The University of Bristol Email Charter I really like the University of Bristol’s new email charter. But, I think it could be made a little more clear and actionable, especially since it can build off of previous work and thought about making emails clearer, shorter, and fewer in number. Below, I’ll go through the points listed in the original charter and try to make them clearer. I’ll also try to add some actions that add some teeth to the points.
I’m really excited to announce that my longstanding package to work the with US Census Bureau API, cenpy, has gotten some long-needed love and attention. The new method of working with the data is really slick (if I do say so myself).
Check it out in this gist! If you like it, hate it, or want to improve it, hit me up over on the project or on my twitter.
One thing I find so difficult to accept is crunch time. Not that I can’t cope or even succeed in crunch, per se. But, rather, I’m beginning to find it very peculiar that folks respond to difficult times through the faith in their ephemerality… as if
this specific difficult phase is going to pass
is somehow heartening.
Sometimes, when my job is at its worst, I hear this a lot.
When comparing a multilevel model to a fixed-level model, it’s important to consider how things are parameterized. For instance, let’s say you’re conducting comparisons between a no-pooling model and a partial pooling variance components model. In this case, we have:
$$ y= \Delta u + \epsilon$$
as the specification, where $\Delta$ is the dummy variable matrix, $y$ is the outcome of interest, and $\epsilon$ is the usual homoeskedastic error term for the responses.
The Geometer’s Angle What John O’Loughlin talks about in his recent presidential address in Political Geography strikes me as substantially similar to many of the things I’ve read from him on the field. Indeed, it reminds me of the same track I got from him as a PhD applicant seeking to work in quantitative political geography. I’ll never forget; right at the time of (what I thought and still feel is) great ground-breaking work in political science focusing directly on the new understandings possible from aggregate electoral data [1,2,3] he suggested that electoral analysis needed to go beyond this.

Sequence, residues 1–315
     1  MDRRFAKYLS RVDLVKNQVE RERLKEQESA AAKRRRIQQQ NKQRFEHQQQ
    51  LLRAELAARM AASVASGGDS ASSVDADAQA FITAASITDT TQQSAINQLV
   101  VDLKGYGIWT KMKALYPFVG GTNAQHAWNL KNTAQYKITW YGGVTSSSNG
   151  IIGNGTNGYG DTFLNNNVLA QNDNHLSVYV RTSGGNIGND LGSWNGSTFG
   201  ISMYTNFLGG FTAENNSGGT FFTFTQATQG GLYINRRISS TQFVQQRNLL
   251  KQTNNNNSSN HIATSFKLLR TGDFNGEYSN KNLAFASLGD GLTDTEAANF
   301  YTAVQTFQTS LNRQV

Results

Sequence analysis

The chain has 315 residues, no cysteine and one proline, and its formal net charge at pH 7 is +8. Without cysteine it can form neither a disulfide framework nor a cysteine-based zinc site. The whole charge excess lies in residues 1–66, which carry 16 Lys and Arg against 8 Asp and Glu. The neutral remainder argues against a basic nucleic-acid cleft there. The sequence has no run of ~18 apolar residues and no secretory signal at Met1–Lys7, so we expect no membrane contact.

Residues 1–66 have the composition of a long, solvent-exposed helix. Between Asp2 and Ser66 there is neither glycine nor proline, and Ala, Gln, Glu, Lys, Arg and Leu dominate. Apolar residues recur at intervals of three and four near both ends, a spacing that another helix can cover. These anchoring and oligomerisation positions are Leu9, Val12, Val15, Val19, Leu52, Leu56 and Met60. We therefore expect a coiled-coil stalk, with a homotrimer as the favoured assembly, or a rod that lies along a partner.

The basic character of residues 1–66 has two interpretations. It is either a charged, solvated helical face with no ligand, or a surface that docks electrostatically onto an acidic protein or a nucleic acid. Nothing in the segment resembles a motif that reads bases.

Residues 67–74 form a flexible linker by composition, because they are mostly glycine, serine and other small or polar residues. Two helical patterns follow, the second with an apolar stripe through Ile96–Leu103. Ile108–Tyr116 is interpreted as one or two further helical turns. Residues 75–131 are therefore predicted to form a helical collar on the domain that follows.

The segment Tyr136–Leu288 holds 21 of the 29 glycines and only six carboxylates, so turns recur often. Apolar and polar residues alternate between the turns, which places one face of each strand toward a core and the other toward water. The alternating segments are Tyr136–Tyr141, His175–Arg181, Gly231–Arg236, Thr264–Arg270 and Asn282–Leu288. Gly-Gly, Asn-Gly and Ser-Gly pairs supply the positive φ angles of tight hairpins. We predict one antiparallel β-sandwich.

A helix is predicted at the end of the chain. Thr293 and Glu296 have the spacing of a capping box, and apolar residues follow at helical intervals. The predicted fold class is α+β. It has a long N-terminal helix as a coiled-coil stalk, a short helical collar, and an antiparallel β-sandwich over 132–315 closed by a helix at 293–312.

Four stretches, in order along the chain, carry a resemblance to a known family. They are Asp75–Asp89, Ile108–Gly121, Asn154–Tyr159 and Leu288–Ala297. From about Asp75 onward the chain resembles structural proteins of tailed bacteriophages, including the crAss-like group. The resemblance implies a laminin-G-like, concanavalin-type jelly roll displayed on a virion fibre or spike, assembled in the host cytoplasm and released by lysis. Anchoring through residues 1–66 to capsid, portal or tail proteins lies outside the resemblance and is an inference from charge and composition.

To help subpackages that depend on libpysal, the API will change shortly to be in line with our desired migrating.pysal.org API.
If you test your package against the pypi version of libpysal (which you get using pip install libpysal), you already know that your changes don’t break with respect to what exists. However, if you’d like to give yourself some lead time to detect if there are breaking changes in the development version of libpysal on github, feel free to follow these directions on how to set up optional tests on travis.
I’ve always been interested in how PySAL stacks up with NetworkX for building the dual graph of polygonal lattices, so I did some perftesting. This is by far the most common spatial operation I do on a day to day basis, and it looks like PySAL’s constructors still are the fastest for cases where we can assume planarity. But, with how simple the geopandas-only solution is, I look foward to the day when the geopandas.
I just finished attending the 2018 GIS Research UK conference at Leicester University.
I presented twice; once on some new methods in spatial clustering and once for the CDRC brexit data analysis competition. I had a really good time participating in the data analysis competition, and it struck a chord with me reflecting on quite a few conversations I’ve had with my friend & colleague Taylor Oshan and something Morton O’Kelly said at this year’s annual American Association of Geographers meeting.
My entry in the Consumer Data Research Center’s Brexit Data Competition is called “Tension Points: A Theory & Evidence” (static), which I talked about at the 2018 GISRUK conference
There is an abstract describing some of the work that I submitted to get to the final round, but if you’re computationally inclined, you’ll find everything sufficient to replicate my modelling & analysis in this Jupyter Notebook (raw). You’ll need scikit-learn, pystan, statsmodels, and geopandas at minimum to run.
This paper culminates a bit of work I’ve started on since seeing a talk by Phil Chodrow on a paper that eventually became his quite interesting NAS paper paper on segregation and entropy surfaces.
I was intrigued by the prospect of using spectral clustering for constrained clustering problems. Specifically, I’d known that affinity matrix clustering could be adapted to constrained contexts ever since reading about hierarchical ward clustering, but I hadn’t seen a really convincing method that showed me how I could work this out for a general affinity-matrix clustering method.